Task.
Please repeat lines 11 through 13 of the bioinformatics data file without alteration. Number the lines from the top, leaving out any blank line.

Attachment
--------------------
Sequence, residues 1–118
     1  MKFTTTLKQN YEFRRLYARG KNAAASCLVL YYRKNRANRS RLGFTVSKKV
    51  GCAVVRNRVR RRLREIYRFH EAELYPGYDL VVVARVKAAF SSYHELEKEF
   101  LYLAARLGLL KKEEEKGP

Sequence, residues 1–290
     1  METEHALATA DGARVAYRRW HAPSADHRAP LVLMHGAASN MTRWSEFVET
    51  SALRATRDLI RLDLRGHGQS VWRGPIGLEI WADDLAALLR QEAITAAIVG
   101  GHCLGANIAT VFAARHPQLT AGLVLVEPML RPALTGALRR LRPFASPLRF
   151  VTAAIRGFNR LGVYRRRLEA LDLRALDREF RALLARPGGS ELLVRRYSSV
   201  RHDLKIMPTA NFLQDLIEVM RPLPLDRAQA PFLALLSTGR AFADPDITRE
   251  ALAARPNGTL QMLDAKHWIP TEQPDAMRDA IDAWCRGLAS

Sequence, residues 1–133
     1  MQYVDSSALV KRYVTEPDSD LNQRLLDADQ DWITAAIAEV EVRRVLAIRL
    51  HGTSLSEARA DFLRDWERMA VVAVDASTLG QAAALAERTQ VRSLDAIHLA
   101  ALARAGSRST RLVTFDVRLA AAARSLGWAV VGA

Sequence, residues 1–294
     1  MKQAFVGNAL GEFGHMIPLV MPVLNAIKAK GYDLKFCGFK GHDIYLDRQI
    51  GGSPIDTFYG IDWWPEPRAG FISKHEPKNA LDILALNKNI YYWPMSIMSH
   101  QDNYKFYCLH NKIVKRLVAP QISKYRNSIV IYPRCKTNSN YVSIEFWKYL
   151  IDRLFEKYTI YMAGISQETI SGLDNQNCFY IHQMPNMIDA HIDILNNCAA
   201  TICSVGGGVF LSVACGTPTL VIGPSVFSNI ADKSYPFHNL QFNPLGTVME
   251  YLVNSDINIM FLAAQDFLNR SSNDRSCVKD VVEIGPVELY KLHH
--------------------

   251  ALAARPNGTL QMLDAKHWIP TEQPDAMRDA IDAWCRGLAS

Sequence, residues 1–133
     1  MQYVDSSALV KRYVTEPDSD LNQRLLDADQ DWITAAIAEV EVRRVLAIRL